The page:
Feinstein questions federal safety protocols
in Kim death
Senator Diane Feinstein
Bay City News Service
January 7, 2007
A Friday letter from U.S. Sen. Dianne Feinstein, D-CA, to the
U.S. Secretary of the Interior was intended to call attention
to safety protocols on federal roads that might have prevented
the death of San Francisco resident James Kim, Feinstein's spokesman
Scott Gerber reported.
Kim, 35, died of exposure seeking help after his family became
stranded in their car on a Thanksgiving trip in the snowy Oregon
James Kim with daughters Penelope, 4, and Sabine, 7 months.
Photo courtesy Kim family.
According to Oregon police, the family became lost after seeking
an alternate route on a rural road.
The road was a Bureau of Land Management road, according to Feinstein's
office, that was supposed to have been closed to the public.
In the letter, Feinstein, who is expected to chair the Senate
Appropriations Subcommittee on the Interior and Related Agencies,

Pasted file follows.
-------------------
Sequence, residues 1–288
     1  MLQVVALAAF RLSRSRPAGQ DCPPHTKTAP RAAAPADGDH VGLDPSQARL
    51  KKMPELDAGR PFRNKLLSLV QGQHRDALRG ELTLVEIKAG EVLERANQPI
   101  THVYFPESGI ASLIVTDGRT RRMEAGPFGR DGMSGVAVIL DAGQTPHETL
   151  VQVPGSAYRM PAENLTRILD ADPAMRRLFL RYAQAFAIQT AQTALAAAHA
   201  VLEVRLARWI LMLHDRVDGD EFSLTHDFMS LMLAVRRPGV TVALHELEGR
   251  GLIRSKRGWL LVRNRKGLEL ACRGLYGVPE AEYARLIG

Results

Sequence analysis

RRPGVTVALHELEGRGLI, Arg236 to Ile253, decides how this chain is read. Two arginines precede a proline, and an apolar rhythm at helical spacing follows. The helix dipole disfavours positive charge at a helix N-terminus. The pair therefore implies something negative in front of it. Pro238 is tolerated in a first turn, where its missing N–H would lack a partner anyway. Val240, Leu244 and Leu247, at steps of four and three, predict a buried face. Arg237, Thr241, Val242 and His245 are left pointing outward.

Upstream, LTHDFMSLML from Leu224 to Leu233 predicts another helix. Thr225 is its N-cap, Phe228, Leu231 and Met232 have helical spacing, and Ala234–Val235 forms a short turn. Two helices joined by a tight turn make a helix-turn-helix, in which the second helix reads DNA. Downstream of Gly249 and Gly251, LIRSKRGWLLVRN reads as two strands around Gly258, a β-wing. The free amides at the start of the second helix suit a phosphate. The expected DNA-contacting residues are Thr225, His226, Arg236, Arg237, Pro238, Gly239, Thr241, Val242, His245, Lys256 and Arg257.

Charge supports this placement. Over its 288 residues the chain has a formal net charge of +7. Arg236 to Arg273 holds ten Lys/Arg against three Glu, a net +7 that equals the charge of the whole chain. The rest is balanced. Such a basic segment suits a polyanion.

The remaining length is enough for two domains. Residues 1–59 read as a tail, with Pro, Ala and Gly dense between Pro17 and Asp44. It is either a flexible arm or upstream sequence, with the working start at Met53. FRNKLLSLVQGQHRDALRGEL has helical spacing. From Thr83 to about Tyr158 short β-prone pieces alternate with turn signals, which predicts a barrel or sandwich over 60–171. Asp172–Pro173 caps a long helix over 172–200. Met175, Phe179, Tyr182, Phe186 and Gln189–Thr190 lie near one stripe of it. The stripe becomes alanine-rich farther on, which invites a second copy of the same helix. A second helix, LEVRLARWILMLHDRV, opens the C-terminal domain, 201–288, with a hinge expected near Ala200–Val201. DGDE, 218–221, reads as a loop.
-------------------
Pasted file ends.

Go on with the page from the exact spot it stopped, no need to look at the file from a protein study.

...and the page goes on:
urged Interior Secretary Dirk Kempthorne to investigate whether
proper BLM protocols were followed -- specifically whether personnel
followed a BLM supervisor's directive to have the road's gate
Feinstein commended BLM personnel's efforts in the search for
the Kim family, but added that she is "disturbed by what
appears to be a failure to follow instruction and a deviation
from agency policy that contributed to cause this incident.''
Other issues Feinstein raised included patrols and signage around
the gated area.
According to Feinstein, the Kims' car was the third unintentional
entry onto the road in 2006.
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